INSACOG and India's strategy for Covid-19 surveillance, sequencing. All you need to know
The objective of the INSACOG is to ascertain the status of variants of interest (VOI) and variants of concern (VOC) in the country and to establish sentinel surveillance and surge surveillance mechanisms for the early detection of genomic variants.
The Indian SARS-CoV-2 Genomics Consortium (INSACOG) is a national multi-agency consortium of Genome Sequencing Laboratories (RGSLs), established by the Centre on December 30 last year for sequencing and analysis of genome data.
All you need to know about INSACOG:
The scope of laboratories under INSACOG has been expanded from the initial 10 labs in the country to 28 at present. RGSLs are responsible for genome sequencing and identification of variants of concern/variants of interest, potential variants of interest, and other mutations.
The consortium was established to expand whole genome sequencing of SARS-CoV-2 virus, commonly known as Covid-19, across the nation to aid the understanding of how the virus spreads and evolves.
The objective of the consortium is to ascertain the status of variants of interest (VOI) and variants of concern (VOC) in the country and to establish sentinel surveillance and surge surveillance mechanisms for the early detection of genomic variants.
So far, VOC has been found in 174 districts in 35 states of the country. The highest number of VOCs have been detected from districts in Maharashtra, Delhi, Punjab, Telangana, West Bengal and Gujarat. Variants of Concern of public health importance detected in community samples in India are, Alpha (B.1.1.7), Beta (B.1.351), Gamma (P.1) and Delta, stated ministry of health and family welfare.
"The B.1.617 lineage, first observed in Maharashtra, was associated with the unusual rise observed in several districts of the state. It is now found in many states in India," the ministry said.
B.1.617.2.1 (AY.1) or commonly known as Delta Plus variant signifies Delta variant with an additional mutation, according to the ministry.
Initially, the National Institute of Virology (NIV) and the Indian Council for Medical Research (ICMR) sequenced samples of international passengers who arrived in India from the UK, Brazil or South Africa or travelled through these countries, as these countries reported a surge in Covid cases.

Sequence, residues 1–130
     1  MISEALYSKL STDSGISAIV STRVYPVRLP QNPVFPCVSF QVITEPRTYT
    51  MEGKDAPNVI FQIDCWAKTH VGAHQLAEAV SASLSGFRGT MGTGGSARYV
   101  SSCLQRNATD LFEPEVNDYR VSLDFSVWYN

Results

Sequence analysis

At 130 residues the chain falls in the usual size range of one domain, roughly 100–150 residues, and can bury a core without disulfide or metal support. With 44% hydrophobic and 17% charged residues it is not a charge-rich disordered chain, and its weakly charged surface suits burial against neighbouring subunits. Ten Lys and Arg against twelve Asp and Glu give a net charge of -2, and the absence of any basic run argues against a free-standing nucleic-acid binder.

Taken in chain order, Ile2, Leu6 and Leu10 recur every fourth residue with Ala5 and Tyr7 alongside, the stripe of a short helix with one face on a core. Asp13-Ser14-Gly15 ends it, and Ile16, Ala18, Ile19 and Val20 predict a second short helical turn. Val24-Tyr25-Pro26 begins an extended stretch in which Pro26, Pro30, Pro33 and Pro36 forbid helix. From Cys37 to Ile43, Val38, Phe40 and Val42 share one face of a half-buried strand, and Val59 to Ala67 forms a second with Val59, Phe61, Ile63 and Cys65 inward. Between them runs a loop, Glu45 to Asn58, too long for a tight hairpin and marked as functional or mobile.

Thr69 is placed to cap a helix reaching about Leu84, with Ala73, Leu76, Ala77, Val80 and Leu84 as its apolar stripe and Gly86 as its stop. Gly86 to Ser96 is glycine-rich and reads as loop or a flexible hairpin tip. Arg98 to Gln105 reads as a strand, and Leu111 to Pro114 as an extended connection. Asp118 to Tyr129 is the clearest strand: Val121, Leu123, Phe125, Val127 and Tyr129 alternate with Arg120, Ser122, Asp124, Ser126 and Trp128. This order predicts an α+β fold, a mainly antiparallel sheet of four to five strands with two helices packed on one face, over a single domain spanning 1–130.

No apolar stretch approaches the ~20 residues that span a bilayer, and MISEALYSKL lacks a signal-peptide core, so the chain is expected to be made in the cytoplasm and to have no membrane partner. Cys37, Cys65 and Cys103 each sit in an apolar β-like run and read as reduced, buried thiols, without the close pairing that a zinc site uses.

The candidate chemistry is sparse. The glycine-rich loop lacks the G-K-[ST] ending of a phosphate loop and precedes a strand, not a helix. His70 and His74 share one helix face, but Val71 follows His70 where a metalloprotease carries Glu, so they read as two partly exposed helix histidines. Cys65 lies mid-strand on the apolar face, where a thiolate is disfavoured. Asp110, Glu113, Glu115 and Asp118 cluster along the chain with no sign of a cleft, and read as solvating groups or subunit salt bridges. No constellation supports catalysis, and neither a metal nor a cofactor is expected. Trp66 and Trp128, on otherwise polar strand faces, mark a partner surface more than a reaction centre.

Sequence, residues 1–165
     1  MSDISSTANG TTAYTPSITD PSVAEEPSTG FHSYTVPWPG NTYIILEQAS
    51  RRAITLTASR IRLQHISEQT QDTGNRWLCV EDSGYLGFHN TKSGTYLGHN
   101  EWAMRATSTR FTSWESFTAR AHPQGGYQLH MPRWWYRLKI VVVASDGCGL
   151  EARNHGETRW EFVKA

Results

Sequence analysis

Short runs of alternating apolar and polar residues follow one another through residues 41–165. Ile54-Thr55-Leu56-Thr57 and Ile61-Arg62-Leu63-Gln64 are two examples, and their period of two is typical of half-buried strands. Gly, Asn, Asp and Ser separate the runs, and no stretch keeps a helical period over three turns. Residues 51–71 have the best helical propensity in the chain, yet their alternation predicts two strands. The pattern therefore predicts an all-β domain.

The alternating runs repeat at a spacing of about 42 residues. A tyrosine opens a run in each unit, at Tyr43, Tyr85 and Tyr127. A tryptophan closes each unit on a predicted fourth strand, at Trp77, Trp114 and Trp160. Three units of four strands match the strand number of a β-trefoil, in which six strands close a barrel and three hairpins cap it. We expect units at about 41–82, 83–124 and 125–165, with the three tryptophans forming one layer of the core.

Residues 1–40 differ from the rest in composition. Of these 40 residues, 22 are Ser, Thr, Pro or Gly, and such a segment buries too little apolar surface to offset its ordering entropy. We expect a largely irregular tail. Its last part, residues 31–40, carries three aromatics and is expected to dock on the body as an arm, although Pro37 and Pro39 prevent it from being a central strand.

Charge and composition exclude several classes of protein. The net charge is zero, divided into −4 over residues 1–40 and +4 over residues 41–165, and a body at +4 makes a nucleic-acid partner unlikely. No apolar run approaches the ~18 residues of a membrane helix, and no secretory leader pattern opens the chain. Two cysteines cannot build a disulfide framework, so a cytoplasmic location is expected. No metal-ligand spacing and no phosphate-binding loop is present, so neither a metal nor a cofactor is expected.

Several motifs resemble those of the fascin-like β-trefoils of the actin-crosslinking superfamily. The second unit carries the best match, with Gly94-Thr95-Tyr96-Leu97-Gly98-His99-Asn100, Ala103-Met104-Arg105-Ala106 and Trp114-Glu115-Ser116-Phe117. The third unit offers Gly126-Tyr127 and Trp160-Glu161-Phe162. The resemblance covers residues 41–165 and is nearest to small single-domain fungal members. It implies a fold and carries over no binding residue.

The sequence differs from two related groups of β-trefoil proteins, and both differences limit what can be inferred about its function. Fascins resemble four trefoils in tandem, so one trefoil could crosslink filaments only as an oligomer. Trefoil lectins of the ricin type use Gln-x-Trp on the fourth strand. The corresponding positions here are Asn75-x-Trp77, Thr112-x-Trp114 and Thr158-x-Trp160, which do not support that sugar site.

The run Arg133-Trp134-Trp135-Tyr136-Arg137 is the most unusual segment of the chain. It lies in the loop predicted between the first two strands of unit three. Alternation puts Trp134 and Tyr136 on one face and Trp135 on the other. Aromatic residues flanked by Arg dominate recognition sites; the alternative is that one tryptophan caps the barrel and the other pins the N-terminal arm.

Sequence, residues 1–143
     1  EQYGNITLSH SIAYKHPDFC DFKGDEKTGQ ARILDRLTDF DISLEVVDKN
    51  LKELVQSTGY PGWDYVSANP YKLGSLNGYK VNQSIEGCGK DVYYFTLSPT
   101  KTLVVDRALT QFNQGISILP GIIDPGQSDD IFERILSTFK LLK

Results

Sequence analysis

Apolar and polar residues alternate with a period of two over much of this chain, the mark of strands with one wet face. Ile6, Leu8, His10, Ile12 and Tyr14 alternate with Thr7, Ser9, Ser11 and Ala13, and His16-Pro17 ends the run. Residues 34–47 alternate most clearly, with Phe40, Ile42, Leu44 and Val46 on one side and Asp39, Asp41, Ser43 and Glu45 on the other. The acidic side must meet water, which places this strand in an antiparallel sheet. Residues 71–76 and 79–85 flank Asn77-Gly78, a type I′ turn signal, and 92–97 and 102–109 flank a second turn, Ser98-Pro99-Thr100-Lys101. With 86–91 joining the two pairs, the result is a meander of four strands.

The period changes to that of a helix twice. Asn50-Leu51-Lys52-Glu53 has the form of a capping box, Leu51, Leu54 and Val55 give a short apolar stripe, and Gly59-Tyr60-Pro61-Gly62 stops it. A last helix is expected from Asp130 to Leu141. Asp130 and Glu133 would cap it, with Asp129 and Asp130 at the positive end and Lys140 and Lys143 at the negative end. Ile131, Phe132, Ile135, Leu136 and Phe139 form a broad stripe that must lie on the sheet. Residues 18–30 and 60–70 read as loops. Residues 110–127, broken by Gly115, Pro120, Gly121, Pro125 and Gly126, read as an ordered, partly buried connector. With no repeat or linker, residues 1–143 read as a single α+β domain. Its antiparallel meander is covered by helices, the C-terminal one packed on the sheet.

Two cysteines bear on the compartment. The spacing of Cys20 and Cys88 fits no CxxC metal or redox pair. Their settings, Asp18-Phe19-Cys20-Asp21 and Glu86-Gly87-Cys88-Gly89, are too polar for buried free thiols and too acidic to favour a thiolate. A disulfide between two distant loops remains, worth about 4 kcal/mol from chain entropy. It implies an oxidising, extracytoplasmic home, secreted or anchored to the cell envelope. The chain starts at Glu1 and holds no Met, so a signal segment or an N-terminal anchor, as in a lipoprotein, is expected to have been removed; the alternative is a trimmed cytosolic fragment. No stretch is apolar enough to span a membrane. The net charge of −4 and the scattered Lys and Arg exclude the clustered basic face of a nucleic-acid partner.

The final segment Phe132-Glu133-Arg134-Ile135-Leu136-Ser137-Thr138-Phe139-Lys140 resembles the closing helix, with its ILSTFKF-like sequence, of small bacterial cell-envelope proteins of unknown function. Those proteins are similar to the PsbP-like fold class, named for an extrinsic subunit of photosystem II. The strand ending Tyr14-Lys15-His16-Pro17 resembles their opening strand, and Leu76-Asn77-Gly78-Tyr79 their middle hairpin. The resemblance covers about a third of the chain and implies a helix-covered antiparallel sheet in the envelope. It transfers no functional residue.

RT-PCR positive test samples from states reporting sudden hikes in cases were sequenced in priority, this was further expanded by efforts of Council of Scientific and Industrial Research (CSIR), Department of Biotechnology (DBT) and National Centre for Disease Control (NCDC), as well as individual institutions.
The country first focussed on controlling the spread of global variants in the country with a high transmissibility rate. Subsequently, Delta and Delta Plus variants were also identified based on genome sequencing analysis conducted by the consortium laboratories.
India's strategy for Covid surveillance:
Earlier genomic surveillance was focussed on the variants carried by international travelers and their contacts through sequencing 3-5% of the total positive samples.
Sentinel surveillance strategy was subsequently communicated to states and Union territories in April 2021. Under the strategy, multiple sentinel sites were identified to adequately represent the geographic spread of a region, and RTPCR positive samples are sent from each site for sequencing.
Surge surveillance strategy for districts with Covid-19 clusters or those reporting surge in cases was also undertaken under which a representative number of samples are collected and sent to RGSLs.
The detailed SOPs for sending samples from identified sentinel sites regularly to the designated Regional Genome Sequencing Laboratories (RGSLs) were shared with states/UTs, the ministry said.
The SOPs for sending samples for sequencing are:
The Integrated Disease Surveillance Programme (IDSP) machinery coordinates sample collection and transportation from the districts/sentinel sites to RGSLs.
The information obtained on VOCs and VOIs is submitted to Central Surveillance Unit, IDSP for establishing a clinico-epidemiological correlation in coordination with state surveillance officers.
Upon identification of a genomic mutation of public health relevance, RGSL is required to submit the same to the Scientific and Clinical Advisory Group (SCAG). After discussion, The SCAG, if felt appropriate, recommends VOIs and other potential mutations to the Central Surveillance Unit for further investigation.